What I do in my analyzer is to start with the SS mortality tables, then adjust the mortality rates according to the (estimated) life insurance rating for the individual in question. By reverse-engineering insurance premiums I've found on the web (as well as from some other actuarial sources), it appears that mortality rates for the best risks are almost exactly half those of standard risks, and the inbetween ratings are about 60% to 75% of the standard mortality rates.

Then I accumulate the mortality for that individual until I reach the 50% (median) and 90% (maximum reasonable) lifespan estimates.
In theory, theory and practice are identical. In practice, they often differ.

technovelist
Posts: 2918
Joined: Wed Dec 30, 2009 9:02 pm
Contact:

Re: Why not take Social Security at 62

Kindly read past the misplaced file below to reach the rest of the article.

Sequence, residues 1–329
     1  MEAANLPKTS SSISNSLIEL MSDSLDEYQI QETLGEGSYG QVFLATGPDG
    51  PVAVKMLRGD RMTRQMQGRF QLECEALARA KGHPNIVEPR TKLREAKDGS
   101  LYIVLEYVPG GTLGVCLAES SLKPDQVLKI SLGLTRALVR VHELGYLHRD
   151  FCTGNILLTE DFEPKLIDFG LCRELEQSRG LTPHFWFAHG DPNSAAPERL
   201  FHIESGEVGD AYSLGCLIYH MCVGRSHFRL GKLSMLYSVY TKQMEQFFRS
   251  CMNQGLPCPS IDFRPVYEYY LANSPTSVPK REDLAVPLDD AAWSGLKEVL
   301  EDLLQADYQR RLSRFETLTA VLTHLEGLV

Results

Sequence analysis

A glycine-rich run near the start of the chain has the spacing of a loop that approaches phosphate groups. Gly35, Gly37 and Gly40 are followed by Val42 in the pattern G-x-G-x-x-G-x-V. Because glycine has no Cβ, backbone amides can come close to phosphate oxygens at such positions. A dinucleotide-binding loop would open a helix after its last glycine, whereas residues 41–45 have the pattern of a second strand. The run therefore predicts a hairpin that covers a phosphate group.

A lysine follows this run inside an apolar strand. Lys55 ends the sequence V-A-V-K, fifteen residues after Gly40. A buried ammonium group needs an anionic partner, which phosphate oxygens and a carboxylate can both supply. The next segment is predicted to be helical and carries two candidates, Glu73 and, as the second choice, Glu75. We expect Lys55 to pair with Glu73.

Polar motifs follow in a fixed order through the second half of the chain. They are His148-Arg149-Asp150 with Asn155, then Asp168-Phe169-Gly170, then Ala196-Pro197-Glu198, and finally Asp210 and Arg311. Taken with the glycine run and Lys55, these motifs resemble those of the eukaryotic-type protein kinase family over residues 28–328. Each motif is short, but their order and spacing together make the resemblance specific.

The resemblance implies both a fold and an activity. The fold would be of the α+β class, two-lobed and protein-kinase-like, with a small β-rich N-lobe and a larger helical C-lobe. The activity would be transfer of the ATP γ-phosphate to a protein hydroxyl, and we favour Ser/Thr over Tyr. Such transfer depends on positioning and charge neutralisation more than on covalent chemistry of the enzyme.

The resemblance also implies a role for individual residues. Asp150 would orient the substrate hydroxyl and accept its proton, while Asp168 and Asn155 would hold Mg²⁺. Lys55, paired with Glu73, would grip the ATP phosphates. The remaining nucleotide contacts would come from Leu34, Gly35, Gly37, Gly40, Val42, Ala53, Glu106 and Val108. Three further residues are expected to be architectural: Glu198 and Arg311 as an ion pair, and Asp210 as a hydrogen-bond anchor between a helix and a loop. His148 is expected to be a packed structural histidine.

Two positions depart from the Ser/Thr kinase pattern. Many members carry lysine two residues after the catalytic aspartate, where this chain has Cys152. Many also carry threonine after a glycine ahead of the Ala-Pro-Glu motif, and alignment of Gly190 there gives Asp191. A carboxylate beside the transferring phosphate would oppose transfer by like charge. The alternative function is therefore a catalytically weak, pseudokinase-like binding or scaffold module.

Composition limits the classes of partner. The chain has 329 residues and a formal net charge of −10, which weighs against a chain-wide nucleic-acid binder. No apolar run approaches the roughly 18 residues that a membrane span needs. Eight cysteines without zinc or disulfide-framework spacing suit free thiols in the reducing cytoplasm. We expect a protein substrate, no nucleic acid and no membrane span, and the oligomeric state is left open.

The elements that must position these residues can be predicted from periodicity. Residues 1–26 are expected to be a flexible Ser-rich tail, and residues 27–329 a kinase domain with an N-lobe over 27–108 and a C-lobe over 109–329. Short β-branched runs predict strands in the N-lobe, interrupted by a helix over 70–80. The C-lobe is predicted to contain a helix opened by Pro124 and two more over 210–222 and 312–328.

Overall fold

Post by technovelist » Mon Nov 27, 2017 10:33 am

nchunter wrote:
Mon Nov 27, 2017 10:27 am
One thought I've had with this, is the wife and I are high earners with relatively low expenses. My thought is SS at 62 for one of us(me) and delay hers until 67. However, my thought is we could probably live on SS and 2-3% of our portfolio in perpetuity and leave our two kids a big inheritance.
The one thing I don't understand when people run their analysis is that SS as an annuity does not pay to heirs(except spouse). So assuming we have $6-7 million portfolio(We are on track), I would prefer to leave that pile of money to my kids.
I am familiar with RMD's but would like to use the non transferable part of income i.e SS to pay everyday life expenses like groceries,power bill etc. Delaying gives me more purchasing power later on per se, but in the same regard I'm depleting my "pile of money".
That sounds like a reasonable analysis for people who have plenty of money.